How to render pork fat

1 01 2011

I mentioned over here that I’d been given a huge ham. It was a nice butcher’s ham, with a huge ribbon of fat through it. Seemed a shame to waste it, so I asked the internet how to render the fat into lard. This is the process of melting the fat to get rid of the impurities and other bits that will make it go off. You (supposedly) end up with delicious lard, which can be used in all sorts of things, lasts for ages, and is not as bad for you as you might think. My dad tells stories of lard and dripping sandwiches as a kid… I suppose, in that way, it’s a bit like butter. I’ve only seen the strange white blocks of it in the supermarket – but apparently those are hydrogenated to make them last longer. If you make it yourself, it’s not hydrogenated, which makes it healthier.

The best instructions were from the Homesick Texan – the Architect agreed with me that if anyone would know how to render lard, it’d probably be someone from the south bit of America.

It seemed a bit scary, but it was a pretty easy process, so I’ll share how I did it. I decided to do a “wet” render, which means that you add a little water to stop the fat from sticking to the pan when it’s just starting out, before the fat starts to liquefy. The water boils off during the process, and means your lard at the end will have a milder flavour.

1. Cut all the fat off the ham. Try to avoid the meat, but don’t be too worried about it. I had about 550g of fat.

2. Dice the fat, as small as you can (be bothered).

3. Get out your dutch oven or other heavy bottomed pan. Put half a cup of water into the pan, and add the fat. Put it on a low heat. Find a good book or some other task that can be frequently interrupted for the next few hours. Here’s how it looked when I started.

4. Watch. Wait. Stir every 10 minutes or so. The water will come to a boil and the fat will slowly start to liquefy. This is not a fast process. Here’s how it looked after an hour.

5. Keep stirring. The water will boil off and be replaced by liquid fat. Ever so slowly the chunks will shrink and start to brown up. Here’s the end of the second hour.

6. At some stage around now, it will start to sizzle and pop a bit. You need to stir it a bit more regularly after that – I used a spatula to scrape the browning-up bits off the bottom of the pan. I may not have needed to do this, but I wasn’t about to waste two hours of stirring by those bits burning and spoiling the flavour. After three hours, there was a reasonable amount of liquid fat, which was clear, and the rest of the solids (baby cracklins!) were small and brown. I could still see pieces of fat though, so I kept going. It started to foam a bit too.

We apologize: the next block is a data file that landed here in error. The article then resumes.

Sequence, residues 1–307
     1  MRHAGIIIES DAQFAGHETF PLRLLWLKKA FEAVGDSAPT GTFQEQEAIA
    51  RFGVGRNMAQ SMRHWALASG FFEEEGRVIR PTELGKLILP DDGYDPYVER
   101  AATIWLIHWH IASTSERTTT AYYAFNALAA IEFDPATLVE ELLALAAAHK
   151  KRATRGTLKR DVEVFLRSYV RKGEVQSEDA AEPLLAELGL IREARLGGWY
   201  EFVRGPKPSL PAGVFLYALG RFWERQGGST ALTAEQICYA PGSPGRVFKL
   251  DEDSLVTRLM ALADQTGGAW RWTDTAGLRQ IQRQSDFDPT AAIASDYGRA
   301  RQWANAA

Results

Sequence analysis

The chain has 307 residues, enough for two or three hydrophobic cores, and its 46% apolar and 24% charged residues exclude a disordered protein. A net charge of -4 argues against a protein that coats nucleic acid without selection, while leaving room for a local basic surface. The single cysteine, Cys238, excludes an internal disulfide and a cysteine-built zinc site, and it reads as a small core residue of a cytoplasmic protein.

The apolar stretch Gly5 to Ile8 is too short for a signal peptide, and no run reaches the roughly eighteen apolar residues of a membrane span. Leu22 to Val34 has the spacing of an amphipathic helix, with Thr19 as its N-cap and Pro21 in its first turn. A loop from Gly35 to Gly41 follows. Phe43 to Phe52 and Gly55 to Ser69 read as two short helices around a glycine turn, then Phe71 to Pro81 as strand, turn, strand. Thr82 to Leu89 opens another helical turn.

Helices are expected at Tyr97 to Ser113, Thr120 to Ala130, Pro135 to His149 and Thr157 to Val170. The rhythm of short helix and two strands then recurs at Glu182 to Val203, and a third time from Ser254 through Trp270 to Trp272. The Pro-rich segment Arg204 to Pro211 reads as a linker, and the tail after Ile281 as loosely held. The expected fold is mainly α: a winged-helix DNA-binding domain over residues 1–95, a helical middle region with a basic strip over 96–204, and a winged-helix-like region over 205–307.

7. A lot of recipes said that the cracklins would rise to the surface and then sink back down, and that’s when you know the lard is rendered. This never really happened – probably because my volume was too small. So I kept going until I couldn’t see any bits actually floating on the surface, which was at the four-hour mark.

8. Let it cool for about 10 minutes, and then strain the lard. I used a metal sieve lined with muslin, into a pyrex bowl. The liquid lard will be yellow and runny. I got about 450ml. Let that cool for a further 10 minutes, and then pop it into the freezer to set. The internet assures me that this gives the best texture and reduces graininess.

9. Meanwhile, the cracklins left behind in the strainer were delicious still fairly fatty, so back into the pot with them for a little more rendering. I added a few tablespoons of water – which I possibly didn’t need to, but it deglazed the pan and stopped the cracklins sticking.

10. The second round only lasted about 20 minutes – but I got another 70ml of lard out of it, with a slightly darker colour, which I’ve stored separate to the main one. Here’s how it looked at the end.

11. Let your cracklins cool and store in the fridge. The original bacon bits. Seriously. Good on just about anything.

12. After an hour or so in the freezer, the lard will be set. You can keep it in the freezer or store in the fridge for several months. Check it – just like a real one:

All up, it was easy, if a little time consuming. A total of 5 hours to get 500ml of pure lard, plus about 1/2 cup of cracklins, from about 550g of fat. I also did my filing, cleared out the contacts in my phone, read all my feeds, cleaned out the fridge, made ham stock, washed up, did some washing…

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